Fracture spatial arrangement in the context of diagenesis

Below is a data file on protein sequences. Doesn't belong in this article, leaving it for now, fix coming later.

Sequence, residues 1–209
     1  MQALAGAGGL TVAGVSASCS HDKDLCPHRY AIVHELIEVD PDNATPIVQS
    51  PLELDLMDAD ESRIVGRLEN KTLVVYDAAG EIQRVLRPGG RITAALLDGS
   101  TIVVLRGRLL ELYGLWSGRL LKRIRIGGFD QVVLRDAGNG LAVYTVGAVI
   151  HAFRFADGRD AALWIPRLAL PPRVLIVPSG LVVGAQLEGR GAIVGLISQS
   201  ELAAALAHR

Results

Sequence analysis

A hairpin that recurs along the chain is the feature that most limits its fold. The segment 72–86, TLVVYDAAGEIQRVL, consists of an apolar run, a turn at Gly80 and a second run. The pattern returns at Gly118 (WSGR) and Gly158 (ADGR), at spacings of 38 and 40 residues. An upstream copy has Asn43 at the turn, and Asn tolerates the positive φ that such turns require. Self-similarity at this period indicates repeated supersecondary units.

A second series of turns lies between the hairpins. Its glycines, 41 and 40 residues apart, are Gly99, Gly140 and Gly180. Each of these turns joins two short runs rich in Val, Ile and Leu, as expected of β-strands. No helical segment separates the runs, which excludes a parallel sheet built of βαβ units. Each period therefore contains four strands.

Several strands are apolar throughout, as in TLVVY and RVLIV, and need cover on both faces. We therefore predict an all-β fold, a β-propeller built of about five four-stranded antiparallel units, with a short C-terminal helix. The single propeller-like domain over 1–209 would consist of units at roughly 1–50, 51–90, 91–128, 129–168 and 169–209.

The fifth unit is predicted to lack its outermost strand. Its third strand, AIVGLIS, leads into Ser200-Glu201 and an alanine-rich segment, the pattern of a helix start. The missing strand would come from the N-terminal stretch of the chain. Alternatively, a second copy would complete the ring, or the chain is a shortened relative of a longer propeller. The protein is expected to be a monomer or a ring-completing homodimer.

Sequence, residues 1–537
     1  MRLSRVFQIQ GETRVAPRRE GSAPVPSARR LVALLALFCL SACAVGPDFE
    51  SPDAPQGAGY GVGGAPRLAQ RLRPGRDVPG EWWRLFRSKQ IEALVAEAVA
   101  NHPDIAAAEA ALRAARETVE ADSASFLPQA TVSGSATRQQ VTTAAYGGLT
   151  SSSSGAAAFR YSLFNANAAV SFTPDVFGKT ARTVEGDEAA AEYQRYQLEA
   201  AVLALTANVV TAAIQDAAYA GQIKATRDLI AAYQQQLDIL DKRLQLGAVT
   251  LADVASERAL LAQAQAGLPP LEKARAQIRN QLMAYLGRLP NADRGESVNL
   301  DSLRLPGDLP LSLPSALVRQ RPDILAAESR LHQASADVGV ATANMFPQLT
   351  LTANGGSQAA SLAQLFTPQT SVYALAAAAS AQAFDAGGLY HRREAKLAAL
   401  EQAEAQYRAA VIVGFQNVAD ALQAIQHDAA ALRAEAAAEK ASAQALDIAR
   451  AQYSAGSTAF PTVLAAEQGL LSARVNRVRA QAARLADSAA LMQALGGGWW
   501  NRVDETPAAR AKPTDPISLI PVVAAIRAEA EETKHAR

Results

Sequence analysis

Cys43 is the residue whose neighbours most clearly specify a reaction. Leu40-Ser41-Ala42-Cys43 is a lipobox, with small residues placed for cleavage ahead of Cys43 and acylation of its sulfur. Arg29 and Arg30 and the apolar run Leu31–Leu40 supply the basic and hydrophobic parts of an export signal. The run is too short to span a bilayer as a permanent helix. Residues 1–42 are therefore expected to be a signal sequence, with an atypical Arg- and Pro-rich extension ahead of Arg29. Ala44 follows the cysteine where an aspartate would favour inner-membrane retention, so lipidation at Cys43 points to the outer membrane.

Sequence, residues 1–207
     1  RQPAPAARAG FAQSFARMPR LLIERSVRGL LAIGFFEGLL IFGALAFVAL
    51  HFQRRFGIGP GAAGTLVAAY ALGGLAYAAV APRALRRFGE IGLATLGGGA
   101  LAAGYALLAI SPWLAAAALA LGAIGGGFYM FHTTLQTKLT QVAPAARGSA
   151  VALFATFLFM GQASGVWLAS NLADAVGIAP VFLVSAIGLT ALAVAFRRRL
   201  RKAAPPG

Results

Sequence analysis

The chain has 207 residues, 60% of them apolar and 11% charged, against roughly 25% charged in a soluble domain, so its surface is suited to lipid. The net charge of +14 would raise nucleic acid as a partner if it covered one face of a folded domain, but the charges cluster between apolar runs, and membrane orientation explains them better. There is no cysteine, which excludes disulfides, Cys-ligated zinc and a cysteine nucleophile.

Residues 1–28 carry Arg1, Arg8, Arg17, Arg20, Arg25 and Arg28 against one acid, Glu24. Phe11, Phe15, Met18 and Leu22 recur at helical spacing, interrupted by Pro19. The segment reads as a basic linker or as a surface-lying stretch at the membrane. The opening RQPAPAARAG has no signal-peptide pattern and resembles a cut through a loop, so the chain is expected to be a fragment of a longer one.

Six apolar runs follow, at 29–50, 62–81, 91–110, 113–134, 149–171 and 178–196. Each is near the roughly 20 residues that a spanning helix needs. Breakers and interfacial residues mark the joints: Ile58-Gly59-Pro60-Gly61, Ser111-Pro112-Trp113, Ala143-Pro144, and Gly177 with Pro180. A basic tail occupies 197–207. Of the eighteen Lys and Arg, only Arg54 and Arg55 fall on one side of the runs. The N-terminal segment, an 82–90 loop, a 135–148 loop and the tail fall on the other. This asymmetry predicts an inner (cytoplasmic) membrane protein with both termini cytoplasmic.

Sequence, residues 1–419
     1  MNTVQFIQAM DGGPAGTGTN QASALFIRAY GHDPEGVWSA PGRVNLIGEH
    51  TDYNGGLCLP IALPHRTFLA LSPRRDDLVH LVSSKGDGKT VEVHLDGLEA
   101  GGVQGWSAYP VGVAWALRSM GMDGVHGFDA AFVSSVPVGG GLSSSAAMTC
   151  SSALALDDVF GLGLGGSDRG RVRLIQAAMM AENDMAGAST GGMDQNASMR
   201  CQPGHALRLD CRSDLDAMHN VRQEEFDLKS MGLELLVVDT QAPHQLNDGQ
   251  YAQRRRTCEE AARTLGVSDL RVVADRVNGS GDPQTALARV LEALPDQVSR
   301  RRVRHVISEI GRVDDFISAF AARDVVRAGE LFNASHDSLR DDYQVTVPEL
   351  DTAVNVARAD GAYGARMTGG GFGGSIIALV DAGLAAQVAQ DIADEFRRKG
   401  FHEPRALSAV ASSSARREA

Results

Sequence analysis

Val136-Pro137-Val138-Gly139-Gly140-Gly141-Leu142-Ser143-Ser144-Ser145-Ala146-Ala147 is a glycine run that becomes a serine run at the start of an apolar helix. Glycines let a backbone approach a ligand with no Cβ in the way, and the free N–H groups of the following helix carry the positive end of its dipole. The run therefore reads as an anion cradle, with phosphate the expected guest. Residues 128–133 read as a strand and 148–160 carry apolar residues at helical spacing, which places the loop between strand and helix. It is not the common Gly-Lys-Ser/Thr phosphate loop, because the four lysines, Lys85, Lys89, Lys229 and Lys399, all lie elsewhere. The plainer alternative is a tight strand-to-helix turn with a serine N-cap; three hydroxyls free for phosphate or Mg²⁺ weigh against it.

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During the past decade, the need for meaningful documentation fracture spatial arrangement has become increasingly important as this is a key aspect of structural heterogeneity and anisotropy in the upper crust. Uncertainty about fundamental fault and fracture spatial patterns impacts engineering operations such as fluid injection underground, management of induced seismicity and the efficiency and success of fluid extraction. Spatial arrangement is an essential element in developing and managing unconventional and deep hydrocarbon reservoirs, CO2 sequestration, and geothermal systems. My dissertation research focuses on the challenge of describing and understanding fracture spatial arrangement in space. Specifically, my aim is to improve spatial characterization methods and use those methods together with other approaches to understand how the fracture patterns arise. My strategy explicitly links structure and diagenesis: the chemical/diagenetic aspects of fractures are an underutilized source of information on when and under what conditions fracture patterns arise. Fracture patterns comprise the spatial arrangements, sizes, and orientations of fractures. Moreover, cement deposits in fractures may themselves influence fracture arrangements. The central hypothesis guiding my research, is that the mechanical effects of progressive diagenesis—as manifest as deposits within fractures or as mechanical properties or property changes in the host rock—govern the types of patterns that arise. In this dissertation, Chapter 1 primarily explores and explains fracture spatial quantification methods and developing fracture pattern interpretation, but also corroborates that clustering can form independently of diagenesis (or cement deposits) within the fractures themselves. Chapter 2 explores fracture spatial patterns in a folded naturally fractured sandstone hydrocarbon reservoir using horizontal image logs and an outcrop analogue, leveraging the spatial quantification method explained in chapter 1. We discovered spatial patterns associated with high fracture intensities reflect shear on preexisting fractures, possibly resulting in more numerous but less spatially correlated open fractures. Furthermore, production data suggests that clustered but sparse quartz-lined open fractures are more effective fluid conduits than closely spaced partly damaged/sheared arrays. Chapter 3 show that due to different diagenetic histories and quartz accumulation amounts, rocks in outcrops with low thermal exposure and in the deep subsurface with extensive thermal exposure have fractures that differ in terms of their size, shape, and fracture porosity despite forming in the same sandstone host rock and in a common regional structural setting. Previous chapters set up the stage for Chapter 4, in which I address how diagenesis affects rock property evolution through time with diagenesis and rock physics modelling, in situations where timing of fractures is well attested. My results indicate that considerable magnitude of property changes can occur during fracture pattern development, and thus should be taken into consideration in fracture pattern interpretation and modeling processes.